Thursday, 4 October 2012

Born at Sea

File:Lady Blackwood.jpg

There are some fascinating stories about babies being born at sea. Fairly recently, in 2010, an American couple had a baby while sailing from Jacksonville to Key West - they named their little one Bearing, as a way to remember his birth (for full story, please see here).

But the tradition of honouring a sea birth has been around for centuries...

Scindian Gibson Foot was a born at sea baby. His or her- the child's gender is not disclosed in the source - father was Joseph Foot, a private with the 46th Regiment, working on the Scindian, a convict ship. They were travelling from Portsmouth, England, to the Swan River Colony in Western Australia. Scindian's mother, Catherine, and his/her four siblings also tagged along for the 4 month long journey in 1850.

The Scindian was named after the Indian royal dynasty, Scindia. The dynasty were on good terms with the British during the 19th and 20th centuries. Interstingly, records show a Scindiana Cook, also born in the Victorian era. One has to worder if she too had a connection to the ship.

Claris Wells has a similar story. Just like Scindian, Claris' father, Alexander, was a private travelling with his wife from London to the Swan River Colony. They set off in March 1857, taking just over one hundred days to reach Australia. Along the way little Claris was born, named in honour of the convict ship the Clara. Alexander, who became a farmer once in Australia, and his wife Caroline had a daughter travelling with them, Martha.

There is no certainty over Claris' gender. However, the fact that the parents decided to opt for Claris rather than Clara, the name of the ship and a popular name in the Victorian era, could indicate that the child was in fact a boy. Likely, Claris is a variant of the masculine Latin name Clarus, meaning 'clear, bright, famous'. (Update: Claris was indeed a boy)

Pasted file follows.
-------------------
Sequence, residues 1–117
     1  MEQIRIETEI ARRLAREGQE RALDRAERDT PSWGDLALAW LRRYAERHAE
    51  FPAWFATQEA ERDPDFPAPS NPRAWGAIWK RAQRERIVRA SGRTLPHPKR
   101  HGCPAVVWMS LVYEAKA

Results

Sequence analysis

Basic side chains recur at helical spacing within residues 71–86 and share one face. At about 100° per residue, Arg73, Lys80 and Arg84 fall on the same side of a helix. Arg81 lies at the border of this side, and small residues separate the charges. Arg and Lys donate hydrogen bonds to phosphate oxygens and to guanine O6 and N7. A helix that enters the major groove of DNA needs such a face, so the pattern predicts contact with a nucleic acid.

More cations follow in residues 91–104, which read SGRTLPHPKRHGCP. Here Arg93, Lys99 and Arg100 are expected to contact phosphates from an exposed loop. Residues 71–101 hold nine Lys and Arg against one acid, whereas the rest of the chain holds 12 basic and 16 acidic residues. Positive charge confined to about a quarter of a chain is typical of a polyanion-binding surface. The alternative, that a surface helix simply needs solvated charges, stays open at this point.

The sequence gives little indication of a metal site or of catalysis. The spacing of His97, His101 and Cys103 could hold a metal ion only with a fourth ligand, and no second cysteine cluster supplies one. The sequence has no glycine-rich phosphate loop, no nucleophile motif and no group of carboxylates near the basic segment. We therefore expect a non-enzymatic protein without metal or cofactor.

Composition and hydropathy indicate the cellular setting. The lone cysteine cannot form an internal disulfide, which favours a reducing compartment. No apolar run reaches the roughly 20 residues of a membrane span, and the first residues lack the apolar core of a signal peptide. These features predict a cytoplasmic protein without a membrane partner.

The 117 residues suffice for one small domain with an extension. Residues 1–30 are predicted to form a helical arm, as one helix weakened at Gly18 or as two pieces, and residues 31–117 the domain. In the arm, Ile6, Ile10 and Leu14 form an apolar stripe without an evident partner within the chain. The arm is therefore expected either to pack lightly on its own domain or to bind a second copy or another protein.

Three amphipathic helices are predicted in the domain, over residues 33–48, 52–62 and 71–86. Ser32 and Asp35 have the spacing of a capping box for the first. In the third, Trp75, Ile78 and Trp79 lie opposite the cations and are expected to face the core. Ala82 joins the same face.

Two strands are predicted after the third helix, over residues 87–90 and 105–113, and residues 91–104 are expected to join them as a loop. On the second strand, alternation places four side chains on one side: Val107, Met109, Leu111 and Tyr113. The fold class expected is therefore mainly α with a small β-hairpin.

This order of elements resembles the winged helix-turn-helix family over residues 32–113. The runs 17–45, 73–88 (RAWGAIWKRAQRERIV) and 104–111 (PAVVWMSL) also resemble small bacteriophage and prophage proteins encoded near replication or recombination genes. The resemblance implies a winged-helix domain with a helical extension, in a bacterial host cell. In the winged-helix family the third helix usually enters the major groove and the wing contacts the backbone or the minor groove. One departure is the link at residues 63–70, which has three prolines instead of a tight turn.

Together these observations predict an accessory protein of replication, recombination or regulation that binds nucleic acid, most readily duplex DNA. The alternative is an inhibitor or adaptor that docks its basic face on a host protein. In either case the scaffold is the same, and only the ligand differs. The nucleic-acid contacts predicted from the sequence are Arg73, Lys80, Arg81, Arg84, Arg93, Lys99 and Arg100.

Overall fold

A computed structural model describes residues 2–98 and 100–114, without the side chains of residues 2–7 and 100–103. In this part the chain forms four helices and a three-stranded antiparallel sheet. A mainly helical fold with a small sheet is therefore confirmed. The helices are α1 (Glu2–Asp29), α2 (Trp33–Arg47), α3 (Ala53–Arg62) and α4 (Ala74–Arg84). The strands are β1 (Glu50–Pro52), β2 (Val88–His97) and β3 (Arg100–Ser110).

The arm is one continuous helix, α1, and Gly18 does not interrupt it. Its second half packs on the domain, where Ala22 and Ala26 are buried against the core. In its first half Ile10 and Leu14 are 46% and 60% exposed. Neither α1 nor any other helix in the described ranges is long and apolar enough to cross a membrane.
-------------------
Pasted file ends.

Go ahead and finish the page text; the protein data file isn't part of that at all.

Hybert Raglan Pollett's parents, Thomas and Mary, went down a more subtle route, but they still kept their baby's place of birth in mind when it came to name him. The little guy's first name was in honour of Thomas Hybert, the captain of the Lord Raglan in 1858, and, of course, the child's middle-name is in honour of the ship he was born in.

The ship was named after Fitzroy James Henry Somerset, 1st Baron Raglan, a commander in the Crimean War. Somerset's title comes from Raglan, or Rhaglan in Welsh (meaning 'rampard' or 'boarder'), a medieval village in south east Wales. Hybert, however, seems to be of Nordic origin, a variant of Hubert, meaning 'bright heart'.

Sultana Gardiner was perhaps unlucky to be born in the Sultana, although we may agree that she was lucky to not have been born in the Racehorses ship. Her father Thomas Gardiner was a private with the 48th regiment, and sailed with his family to the Swan River Colony from Plymouth in 1859. Sultana's siblings John, Stephen, Caroline, Theresa and Elizabeth were also aboard. Sultana Gardiner was by no means, though, the only British baby to have this quirky name bestowed upon them in the 1800s; records show a number of women who went by Sultana also.

Image: The Lady Blackwood by George Gregory.